Skip to content Skip to navigation

Catching the Beat of the Drum

July 1, 2006
by Brion P. McAlarney
| Reprints
Drumming's effect on individuals, groups make it a promising complementary therapy

Ed Mikenas was the director of a girls group home for the city of Lynchburg, Virginia, when he first introduced percussion instruments to a group of teens; the idea was to jam a little to relieve stress. By the end of the next three hours, the youths had decided to give a performance for their parents at the end of the week.

“That was a clue for me that kids in particular like being engaged in percussion,” says Mikenas. A substance abuse counselor with a background steeped in music, Mikenas performed with a drumming group called Conga. Around the same time he was bringing percussion instruments to teens at the group home, Conga performed for a teen audience brought together by the nonprofit Partnership for the Prevention of Sub-stance Abuse in Lynchburg.

After the performance, Mikenas asked the group of teens what they liked about it. “One said the music really pumped him up while others said the music mellowed them out,” he says. “That was another clue because the exact same music was giving paradoxical effects for different kids. Kids who were down got pumped up, and the kids who were a little too up, got mellowed out—all without a prescription.”

These observations led Mikenas, who now works with adolescents as director of day services for Lynchburg, to explore more fully drumming's effect on consciousness and the brain. Mikenas also explored the concept of “entrainment—the idea that drumming could have a positive “swarming” effect on individual and group consciousness.

Mikenas incorporated into drumming sessions drum moves that paralleled the skills people need to learn in order to stay in recovery. In initial sessions, he taught “heel, toe, slap” hand movements, with the words recited to match the movements. “If they say the words, then their words are literally telling their hands what to do, so it's a direct parallel to walking and talking one of the 12 Steps,” he says.

Mikenas adds, “Clients realize that if they don't say the words then they are not able to execute these simple moves, and the message here is this: If you don't learn the 12 Steps, meaning to integrate them into your psyche, you're just going to be full of hot air—talking the talk without walking the walk, because there is a real integration between using your voice and directing your life. The hand moves and directing your hand is the skill you learn that transfers right over to turning your life over to a higher power.”

For people in addiction treatment, the bottom line was that engagement in treatment happened faster with drumming. Drumming allows people to tap into their feelings more readily, Mikenas says. Technically speaking, he says drumming at low frequency bypasses the brain's Reticular Activating System (believed to be the center of arousal and motivation), thereby stimulating all areas of the brain at once.

“For people in recovery, it develops a baseline of feeling that they can then start relating to from day one,” Mikenas says. “Talking about how they feel at baseline can be a springboard to talking about other feelings. It kind of lights a fire that they can refer back to.”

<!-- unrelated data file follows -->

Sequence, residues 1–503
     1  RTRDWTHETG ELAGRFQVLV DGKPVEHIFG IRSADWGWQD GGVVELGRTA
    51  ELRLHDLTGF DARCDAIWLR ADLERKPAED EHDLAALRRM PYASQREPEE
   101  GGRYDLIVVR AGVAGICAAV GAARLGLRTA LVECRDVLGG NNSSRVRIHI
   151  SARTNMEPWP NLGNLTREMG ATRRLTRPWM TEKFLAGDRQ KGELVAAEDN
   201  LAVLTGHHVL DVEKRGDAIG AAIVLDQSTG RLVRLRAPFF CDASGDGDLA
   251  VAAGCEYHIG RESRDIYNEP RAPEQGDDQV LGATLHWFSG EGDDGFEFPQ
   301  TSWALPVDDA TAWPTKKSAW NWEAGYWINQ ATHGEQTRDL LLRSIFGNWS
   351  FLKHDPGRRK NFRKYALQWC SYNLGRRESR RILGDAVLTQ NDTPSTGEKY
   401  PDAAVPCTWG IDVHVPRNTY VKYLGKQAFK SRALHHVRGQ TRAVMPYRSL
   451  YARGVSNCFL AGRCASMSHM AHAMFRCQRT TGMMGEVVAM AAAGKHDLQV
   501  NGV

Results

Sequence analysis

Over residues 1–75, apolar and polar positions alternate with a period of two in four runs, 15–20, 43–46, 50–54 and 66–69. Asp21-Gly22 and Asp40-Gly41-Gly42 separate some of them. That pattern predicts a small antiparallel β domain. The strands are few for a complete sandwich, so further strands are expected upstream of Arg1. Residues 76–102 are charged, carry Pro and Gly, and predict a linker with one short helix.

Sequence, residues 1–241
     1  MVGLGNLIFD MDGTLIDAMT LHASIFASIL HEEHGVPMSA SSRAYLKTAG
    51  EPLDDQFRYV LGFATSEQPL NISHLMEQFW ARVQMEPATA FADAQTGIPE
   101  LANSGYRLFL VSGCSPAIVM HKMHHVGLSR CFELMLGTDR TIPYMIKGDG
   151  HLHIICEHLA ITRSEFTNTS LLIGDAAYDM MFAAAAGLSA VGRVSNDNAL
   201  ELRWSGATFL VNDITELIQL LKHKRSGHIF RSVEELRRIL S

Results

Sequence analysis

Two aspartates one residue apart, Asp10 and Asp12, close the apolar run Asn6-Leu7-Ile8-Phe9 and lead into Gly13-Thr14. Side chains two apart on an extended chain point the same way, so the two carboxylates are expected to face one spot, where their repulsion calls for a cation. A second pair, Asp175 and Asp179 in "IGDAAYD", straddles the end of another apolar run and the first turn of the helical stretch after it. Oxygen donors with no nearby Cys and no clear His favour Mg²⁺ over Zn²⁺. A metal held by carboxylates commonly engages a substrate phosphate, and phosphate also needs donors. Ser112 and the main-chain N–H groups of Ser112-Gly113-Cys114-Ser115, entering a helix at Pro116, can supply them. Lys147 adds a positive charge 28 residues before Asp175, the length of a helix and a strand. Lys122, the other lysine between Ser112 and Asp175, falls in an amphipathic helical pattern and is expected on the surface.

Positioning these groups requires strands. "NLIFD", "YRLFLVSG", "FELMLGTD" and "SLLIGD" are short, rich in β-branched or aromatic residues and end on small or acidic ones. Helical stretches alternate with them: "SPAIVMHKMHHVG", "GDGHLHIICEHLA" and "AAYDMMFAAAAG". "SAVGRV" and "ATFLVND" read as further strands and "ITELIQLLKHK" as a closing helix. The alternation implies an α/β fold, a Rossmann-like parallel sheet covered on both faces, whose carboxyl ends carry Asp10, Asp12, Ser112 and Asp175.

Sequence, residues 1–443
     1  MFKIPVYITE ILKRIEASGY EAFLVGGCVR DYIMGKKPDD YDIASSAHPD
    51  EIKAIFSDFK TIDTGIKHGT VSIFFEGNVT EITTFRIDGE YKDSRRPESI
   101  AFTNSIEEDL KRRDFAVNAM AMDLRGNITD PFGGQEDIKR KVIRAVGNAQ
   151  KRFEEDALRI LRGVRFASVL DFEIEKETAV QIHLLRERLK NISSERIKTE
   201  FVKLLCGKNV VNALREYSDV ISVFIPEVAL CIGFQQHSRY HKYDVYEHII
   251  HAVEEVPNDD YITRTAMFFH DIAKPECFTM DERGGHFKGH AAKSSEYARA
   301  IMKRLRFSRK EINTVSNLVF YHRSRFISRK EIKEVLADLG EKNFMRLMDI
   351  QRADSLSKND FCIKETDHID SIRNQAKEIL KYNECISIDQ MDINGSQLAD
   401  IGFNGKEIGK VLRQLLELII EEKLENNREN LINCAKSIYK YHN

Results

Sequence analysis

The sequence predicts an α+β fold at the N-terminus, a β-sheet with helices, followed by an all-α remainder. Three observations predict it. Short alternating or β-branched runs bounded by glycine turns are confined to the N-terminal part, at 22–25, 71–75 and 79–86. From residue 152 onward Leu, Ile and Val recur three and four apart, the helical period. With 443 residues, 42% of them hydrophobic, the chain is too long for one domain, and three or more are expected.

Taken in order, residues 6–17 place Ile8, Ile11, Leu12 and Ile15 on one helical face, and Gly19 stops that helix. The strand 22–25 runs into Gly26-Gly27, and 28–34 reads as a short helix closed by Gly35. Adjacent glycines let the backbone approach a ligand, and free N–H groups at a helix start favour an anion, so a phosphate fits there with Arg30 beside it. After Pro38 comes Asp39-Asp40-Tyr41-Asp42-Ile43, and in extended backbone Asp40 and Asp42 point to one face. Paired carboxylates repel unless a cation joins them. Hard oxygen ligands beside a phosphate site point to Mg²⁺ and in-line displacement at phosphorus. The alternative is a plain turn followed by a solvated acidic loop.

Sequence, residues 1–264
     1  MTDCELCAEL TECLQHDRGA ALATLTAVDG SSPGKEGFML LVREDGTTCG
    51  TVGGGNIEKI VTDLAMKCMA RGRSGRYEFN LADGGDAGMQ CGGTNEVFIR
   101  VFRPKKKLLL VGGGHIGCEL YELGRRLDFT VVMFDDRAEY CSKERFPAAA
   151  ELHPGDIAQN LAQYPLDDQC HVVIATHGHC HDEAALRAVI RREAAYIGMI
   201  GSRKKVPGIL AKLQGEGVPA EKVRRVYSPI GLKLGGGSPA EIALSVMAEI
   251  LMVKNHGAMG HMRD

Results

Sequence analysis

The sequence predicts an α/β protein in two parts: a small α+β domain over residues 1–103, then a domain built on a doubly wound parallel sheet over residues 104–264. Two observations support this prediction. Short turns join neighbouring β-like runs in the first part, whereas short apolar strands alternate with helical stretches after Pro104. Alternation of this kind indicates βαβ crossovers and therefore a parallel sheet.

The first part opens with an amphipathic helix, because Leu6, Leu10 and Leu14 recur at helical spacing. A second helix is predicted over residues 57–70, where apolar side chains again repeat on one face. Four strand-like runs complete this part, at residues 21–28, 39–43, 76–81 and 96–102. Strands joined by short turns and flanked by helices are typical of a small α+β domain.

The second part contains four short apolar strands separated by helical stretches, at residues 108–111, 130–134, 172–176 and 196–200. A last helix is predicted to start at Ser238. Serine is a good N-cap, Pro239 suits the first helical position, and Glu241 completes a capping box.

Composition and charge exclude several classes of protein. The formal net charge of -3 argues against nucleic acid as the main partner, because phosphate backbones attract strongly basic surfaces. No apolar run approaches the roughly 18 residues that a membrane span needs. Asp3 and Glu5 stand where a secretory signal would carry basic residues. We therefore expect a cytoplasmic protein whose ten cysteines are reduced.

At the end of each drumming session, Mikenas checks in with clients to see how they're feeling. Clients start to understand that drumming has a direct effect on their mood. He believes drumming helps the 12-Step process make sense rather than be seen as a mandate. Weekly sessions for about eight weeks constitute an effective experience for developing a sense of hand drumming skills, he says.

Synergy of the group

What excites advocates of drumming perhaps the most is the ability to affect a roomful of people simultaneously and synergistically. While improvement occurs at the individual level, a collective consciousness also develops during drumming. Mikenas says the collective consciousness parallels what is taking place in the mind of the recovering client.

Initially, the drumming produces chaos, much like the state of a client in early stages of recovery. At that point, Mikenas asks the group what could be changed, and the group always has the answer, usually selecting a leader or having someone start a rhythm or beat.

However, selecting a leader often produces a moment of paralysis akin to when a client is asked to do something new or different in a recovery plan. Inevitably, a group will have a number of different leaders. Mikenas checks in with the leaders after each session and asks them how it went. He often gets answers that parallel what one might hear in the treatment process: “I was worried about how the group was going to do”; “I didn't feel like anybody was listening to me”; “I'm feeling really nervous.”

“We try to get each person to participate in that way because that's what it's going to be like for them, at least for a while, to lead their lives,” says Mikenas.

Over time, the group becomes more comfortable, more varied in its response to the leader, and more integrated. “People are experiencing what it's like to fit in,” he says. By the time he is finished with a group, there is usually full, integrated jamming.

The conscious and the unconscious

Steven Angel has been drumming since he was 3. A prodigy drummer, he immersed himself in the Los Angeles rock scene of the late 1960s, touring with prominent bands of the era. Fast forward to the 1990s, when Angel wanted to get back into drumming. At that point he had a moment when “drumming and psychology and mysticism sort of came together.”

The result was a drumming methodology he developed, steeped in the Shamanic healing tradition. He first had success working in detention camps and curbing impulsive behavior. He also has worked with elementary school students on short- and long-term memory, calling the program “reading and rhythm.”

Pages

Topics